Things to do in St. Cyrus, Aberdeenshire
St. Cyrus is a small village in the north east of Scotland mid-way between Aberdeen and Dundee, with 3 miles of glorious sandy beaches and the area adjacent to the beach is a Nature Reserve.
The village and its surrounding area have a population of 1,000 or so. Montrose is the nearest large town some 6 miles away, with Aberdeen the nearest city 35 miles north.
St. Cyrus has a rich history, and over the centuries various lairds (landowners) have claimed rights to land. The most prominent lairds to the south belonged to the Graham family, who can trace their rights back to King William The Lion, some 500 years ago. One of the Graham clan, James, became the Marquis of Montrose, a great royalist leader; the Marquis of Montrose was eventually hanged in Edinburgh.
The area has always been farmed primarily for arable crops - barley for whisky, although now there is a thriving soft fruit and vegetable industry. In days gone by Salmon was salted and exported to the Baltic States and the Mediterranean. Salting gave way to packing in ice and this was pioneered by George Dempster from Angus. Ice houses were built locally - there is one just below Woodston Fishing Station on the path to the beach.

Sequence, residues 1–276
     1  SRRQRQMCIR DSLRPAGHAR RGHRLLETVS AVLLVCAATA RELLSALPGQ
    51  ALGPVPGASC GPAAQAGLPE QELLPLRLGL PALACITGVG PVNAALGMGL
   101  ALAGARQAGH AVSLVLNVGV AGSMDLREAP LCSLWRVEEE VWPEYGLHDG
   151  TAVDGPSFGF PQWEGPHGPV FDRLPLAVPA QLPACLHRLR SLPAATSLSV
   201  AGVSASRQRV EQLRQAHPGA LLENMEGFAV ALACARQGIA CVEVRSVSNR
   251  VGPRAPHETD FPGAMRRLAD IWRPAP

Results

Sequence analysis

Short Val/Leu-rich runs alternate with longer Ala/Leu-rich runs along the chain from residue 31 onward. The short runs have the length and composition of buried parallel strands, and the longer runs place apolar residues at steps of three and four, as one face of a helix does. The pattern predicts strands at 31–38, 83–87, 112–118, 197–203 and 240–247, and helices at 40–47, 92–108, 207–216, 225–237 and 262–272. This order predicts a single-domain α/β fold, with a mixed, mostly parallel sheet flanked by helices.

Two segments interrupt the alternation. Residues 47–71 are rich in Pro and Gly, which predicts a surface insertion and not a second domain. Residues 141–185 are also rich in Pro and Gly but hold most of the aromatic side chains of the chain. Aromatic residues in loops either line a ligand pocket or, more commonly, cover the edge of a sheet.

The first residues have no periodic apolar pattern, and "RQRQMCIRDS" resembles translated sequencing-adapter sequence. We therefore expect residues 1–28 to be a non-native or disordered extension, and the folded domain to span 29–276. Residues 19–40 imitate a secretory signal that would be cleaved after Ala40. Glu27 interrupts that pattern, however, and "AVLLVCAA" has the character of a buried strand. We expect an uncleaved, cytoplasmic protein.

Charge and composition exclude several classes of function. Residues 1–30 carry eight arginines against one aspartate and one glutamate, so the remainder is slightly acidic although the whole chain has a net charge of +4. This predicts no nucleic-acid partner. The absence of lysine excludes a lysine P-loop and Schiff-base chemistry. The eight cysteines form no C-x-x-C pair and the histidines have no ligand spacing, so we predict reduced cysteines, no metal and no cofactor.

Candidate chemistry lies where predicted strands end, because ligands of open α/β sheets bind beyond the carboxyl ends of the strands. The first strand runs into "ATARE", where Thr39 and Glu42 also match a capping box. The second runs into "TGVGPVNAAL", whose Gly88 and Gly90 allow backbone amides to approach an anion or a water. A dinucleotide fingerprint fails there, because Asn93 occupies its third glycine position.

Fishing is still an important part of the local economy with lobster being exported far and wide.
An old Churchyard, no longer in use, is now part of the Nature Reserve with the churchyard being named Nether Kirkyard.
One famous grave in the Nether Kirkyard is that of George Beattie, a local lawyer and poet who, in 1823, committed suicide in the Nether Kirkyard by blowing his brains out. The suicide was caused because his lover, a Ms. Gibson, spurned Beattie. The reverberations of the suicide rattled around the area for the next century; especially as Beattie had put pen to paper on his reason for committing suicide.
One local dignitary of the mid 1800's was John Orr, the Laird of Bridgeton. Rumour has it that one day John Orr saw a young couple struggling through snow drifts, and he decided to establish a dowry valued at £1,000 (a huge sum in the mid 1800's) with the interest to be divided into five equal parts. One was to be spent on the needs of old folk, but the remaining interest was to go to the youngest, oldest, tallest and shortest brides of the year married in St. Cyrus. The dowry exists to this day.
The coming of the railway and roads did bring the odd bonus, and one of these lies about 1 mile north of St. Cyrus just under the A92. The Den o' Finella. Named after Finella, 'Queen' of the Pictish Maermors, who threw herself to her death there to escape the wrath of the King's men, having contrived the death of King Kenneth III of Scotland in the year A.D.995. Go, by foot, under the bridge and there is a waterfall at about 75ft in height.
The one thing which has not really changed over the years is the comparative pace of life and the scenery, factors which make St. Cyrus a great place to live.
Description by John Adams